The promising results of deep learning in image recognition suggest a huge potential for microscopic analyses in materials science. One major challenge for its adoption in the study of materials is the limited number of images that are available to train models on. Herein, we present a methodology to create accurate image recognition models with small datasets. By explicitly taking into account the magnification and by introducing appropriate transformations, we incorporate as many insights from material science in the model as possible. This allows for a highly data-efficient training of complex deep learning models. Our results indicate that a model trained with the presented methodology is able to outperform human experts.
The microstructure of a material, typically characterized through a set of microscopy images of two-dimensional cross-sections, is a valuable source of information about the material and its properties. Every pixel of the image is a degree of freedom causing the dimensionality of the information space to be extremely high. This makes it difficult to recognize and extract all relevant information from the images. Human experts circumvent this by manually creating a lower-dimensional representation of the microstructure. However, the question of how a microstructure image can be best represented remains open. From the field of deep learning, we present triplet networks as a method to build highly compact representations of the microstructure, condensing the relevant information into a much smaller number of dimensions. We demonstrate that these representations can be created even with a limited amount of example images, and that they are able to distinguish between visually very similar microstructures. We discuss the interpretability and generalization of the representations. Having compact microstructure representations, it becomes easier to establish processing–structure–property links that are key to rational materials design.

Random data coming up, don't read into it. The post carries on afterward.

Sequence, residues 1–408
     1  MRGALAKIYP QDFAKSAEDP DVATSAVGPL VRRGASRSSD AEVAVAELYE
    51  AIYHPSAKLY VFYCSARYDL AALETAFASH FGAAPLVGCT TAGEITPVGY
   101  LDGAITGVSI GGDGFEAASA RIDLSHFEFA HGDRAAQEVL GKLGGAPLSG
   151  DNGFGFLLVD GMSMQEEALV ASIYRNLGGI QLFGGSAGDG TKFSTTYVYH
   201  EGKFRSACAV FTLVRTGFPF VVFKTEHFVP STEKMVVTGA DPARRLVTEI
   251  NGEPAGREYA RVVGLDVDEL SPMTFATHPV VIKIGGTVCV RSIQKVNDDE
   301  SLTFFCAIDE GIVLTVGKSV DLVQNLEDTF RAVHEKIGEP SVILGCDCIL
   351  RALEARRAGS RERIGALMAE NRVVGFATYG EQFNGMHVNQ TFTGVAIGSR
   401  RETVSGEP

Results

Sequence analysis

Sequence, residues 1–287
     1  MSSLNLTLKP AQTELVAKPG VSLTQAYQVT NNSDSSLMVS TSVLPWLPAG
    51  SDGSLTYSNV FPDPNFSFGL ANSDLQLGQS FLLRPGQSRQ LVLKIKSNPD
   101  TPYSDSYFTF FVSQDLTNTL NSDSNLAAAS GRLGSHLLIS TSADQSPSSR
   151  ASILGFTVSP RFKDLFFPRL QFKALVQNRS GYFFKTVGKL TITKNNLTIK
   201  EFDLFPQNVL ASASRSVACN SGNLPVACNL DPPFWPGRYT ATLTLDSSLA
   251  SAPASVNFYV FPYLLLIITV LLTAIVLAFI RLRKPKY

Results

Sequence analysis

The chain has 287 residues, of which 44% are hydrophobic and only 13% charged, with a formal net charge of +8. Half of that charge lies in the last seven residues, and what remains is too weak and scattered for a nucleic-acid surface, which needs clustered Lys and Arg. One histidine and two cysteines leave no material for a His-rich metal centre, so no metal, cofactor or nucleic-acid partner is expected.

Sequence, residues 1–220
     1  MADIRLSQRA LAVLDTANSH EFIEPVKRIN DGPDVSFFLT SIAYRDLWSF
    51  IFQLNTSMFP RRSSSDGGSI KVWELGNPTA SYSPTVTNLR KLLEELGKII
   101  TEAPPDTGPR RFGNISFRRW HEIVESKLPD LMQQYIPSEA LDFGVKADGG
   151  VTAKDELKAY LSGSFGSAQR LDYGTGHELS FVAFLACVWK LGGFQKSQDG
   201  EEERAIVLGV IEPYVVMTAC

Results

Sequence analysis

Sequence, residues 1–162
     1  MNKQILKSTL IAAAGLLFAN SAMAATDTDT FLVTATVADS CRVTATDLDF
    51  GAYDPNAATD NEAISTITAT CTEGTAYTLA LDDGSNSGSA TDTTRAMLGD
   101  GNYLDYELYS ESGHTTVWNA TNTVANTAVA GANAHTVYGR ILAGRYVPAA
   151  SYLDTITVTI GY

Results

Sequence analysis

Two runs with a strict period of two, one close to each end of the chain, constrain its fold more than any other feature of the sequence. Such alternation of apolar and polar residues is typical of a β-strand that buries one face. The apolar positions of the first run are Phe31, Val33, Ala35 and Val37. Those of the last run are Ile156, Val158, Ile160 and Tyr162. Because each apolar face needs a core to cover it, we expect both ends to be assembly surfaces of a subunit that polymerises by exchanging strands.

We analyze the mechanism of seeded growth reactions used to synthesize colloidal core/shell nanocrystals. Looking at the formation of CdSe/CdS and CdSe/ZnSe using both zinc blende and wurtzite CdSe seeds with a different surface termination, we show that the formation rate of the shell material does not depend on the presence of the CdSe seed nanocrystals. This suggests that shells grow by inclusion of CdS or ZnSe initially formed in the reaction mixture, possibly under the form of reactive monomers, and not by successive adsorption and reaction of metal and chalcogen precursors. This insight makes balancing homogeneous nucleation and heterogeneous growth of the shell material key to suppressing spurious secondary nucleation. Through a combination of experimental work and reaction simulations, we show that this can be effectively achieved by raising the monomer solubility through the concentration of carboxylic acid used in the seeded growth reaction.
Increased computational resources now make it possible to generate large data sets solely from first principles. Such “high-throughput” screening is employed to create a database of embedding enthalpies for extrinsic point defects and their vacancy complexes in Si and Ge for 73 impurities from H to Rn. Calculations are performed both at the PBE and HSE06 levels of theory. The data set is verified by comparison of the predicted lowest-enthalpy positions with experimental observations. The effect of temperature on the relative occupation of defect sites is estimated through configurational entropy. Potential applications are demonstrated by selecting optimal vacancy traps, directly relevant to industrial processes such as Czochralski growth as a means to suppress void formation.